As the buzz around climate change grows louder, cities around the world are celebrating Earth Day. To refresh your memory, Earth Day made its debut on this date in 1970 and, some would say, launched the modern environmental movement.
Yet, while eco-conscious community members engage in Earth Day Festivals and other go-green hoopla, a low-profile player called the “green bond” may be the thing that helps make the Earth Day message a reality for cities in the decades to come.
Green bonds are a fixed-income investment tool that international development banks, such as the European Investment Bank and World Bank, began offering in 2007. The financing mechanism aims at funding environmentally friendly projects. Some folks refer to green bonds as “climate bonds.”
Today state and city governments -- along with corporations -- are also selling green bonds. As shown in the chart here, total issuance in 2014 skyrocketed to $36 billion, more than triple the previous year's level.
Green bonds part of New York debt program
One prominent example of the growing popularity of financing projects with green bonds is New York City. It may soon become the first large city in the nation to issue green bonds as part of an ongoing debt program.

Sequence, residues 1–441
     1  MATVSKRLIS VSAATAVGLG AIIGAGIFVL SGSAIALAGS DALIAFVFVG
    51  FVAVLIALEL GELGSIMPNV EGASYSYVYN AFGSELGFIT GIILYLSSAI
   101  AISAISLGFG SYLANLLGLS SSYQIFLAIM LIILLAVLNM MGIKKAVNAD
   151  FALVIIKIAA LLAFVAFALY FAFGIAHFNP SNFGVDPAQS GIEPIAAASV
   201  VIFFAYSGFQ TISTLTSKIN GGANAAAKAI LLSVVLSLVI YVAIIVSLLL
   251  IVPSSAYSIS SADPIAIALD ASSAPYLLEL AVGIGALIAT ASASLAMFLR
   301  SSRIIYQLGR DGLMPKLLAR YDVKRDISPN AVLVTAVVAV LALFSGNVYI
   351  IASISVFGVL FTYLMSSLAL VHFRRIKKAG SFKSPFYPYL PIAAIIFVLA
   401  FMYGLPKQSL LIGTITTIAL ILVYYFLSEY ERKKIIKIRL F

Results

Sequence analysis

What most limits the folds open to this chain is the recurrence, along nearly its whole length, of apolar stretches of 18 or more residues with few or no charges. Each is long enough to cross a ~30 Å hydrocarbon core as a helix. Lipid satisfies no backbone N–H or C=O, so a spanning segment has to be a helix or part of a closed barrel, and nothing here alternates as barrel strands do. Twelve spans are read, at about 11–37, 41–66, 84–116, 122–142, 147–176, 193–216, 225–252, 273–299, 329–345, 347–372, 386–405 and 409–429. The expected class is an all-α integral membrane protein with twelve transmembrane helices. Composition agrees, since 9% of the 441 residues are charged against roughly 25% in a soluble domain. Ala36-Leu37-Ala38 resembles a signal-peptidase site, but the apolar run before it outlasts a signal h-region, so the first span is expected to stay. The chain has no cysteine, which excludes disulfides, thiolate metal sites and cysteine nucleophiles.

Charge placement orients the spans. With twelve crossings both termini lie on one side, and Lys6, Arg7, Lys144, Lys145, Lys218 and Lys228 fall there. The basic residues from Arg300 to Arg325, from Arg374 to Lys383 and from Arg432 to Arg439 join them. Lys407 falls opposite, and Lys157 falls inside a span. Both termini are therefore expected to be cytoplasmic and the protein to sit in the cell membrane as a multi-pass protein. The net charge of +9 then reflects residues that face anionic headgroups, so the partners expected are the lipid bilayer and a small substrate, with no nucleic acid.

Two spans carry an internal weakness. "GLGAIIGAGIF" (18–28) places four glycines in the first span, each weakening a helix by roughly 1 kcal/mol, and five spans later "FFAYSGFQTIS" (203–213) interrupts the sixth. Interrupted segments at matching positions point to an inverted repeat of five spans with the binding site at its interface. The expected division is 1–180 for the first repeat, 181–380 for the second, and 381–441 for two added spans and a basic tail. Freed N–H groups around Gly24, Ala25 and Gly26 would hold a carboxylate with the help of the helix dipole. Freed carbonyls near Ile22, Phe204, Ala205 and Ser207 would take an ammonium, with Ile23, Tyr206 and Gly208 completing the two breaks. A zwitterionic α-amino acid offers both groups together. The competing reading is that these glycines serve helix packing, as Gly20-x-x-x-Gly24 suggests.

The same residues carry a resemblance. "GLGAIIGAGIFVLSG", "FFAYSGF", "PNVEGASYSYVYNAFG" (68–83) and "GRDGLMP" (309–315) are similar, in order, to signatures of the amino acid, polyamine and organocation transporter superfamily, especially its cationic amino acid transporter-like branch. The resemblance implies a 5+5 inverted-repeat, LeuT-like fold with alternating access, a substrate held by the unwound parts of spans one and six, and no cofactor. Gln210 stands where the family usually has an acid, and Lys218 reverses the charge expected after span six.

“A green bond program would help lower the city's carbon footprint and fund future resiliency projects -- from hardening our sewage treatment plants and installing bioswales, to undertaking energy efficiency and conservation projects in city buildings, “ said NYC comptroller Scott Stringer in a recent Huffington Post piece. “Green bonds would also help to attract a new generation of investors who want to see social return on their investments as well as financial gain.“
Our Smart Cities Financing Guide looks closely at the how cities can use green bonds to fund important sustainability projects. The Financing Guide is free with your Smart Cities Council registration. Register for free now!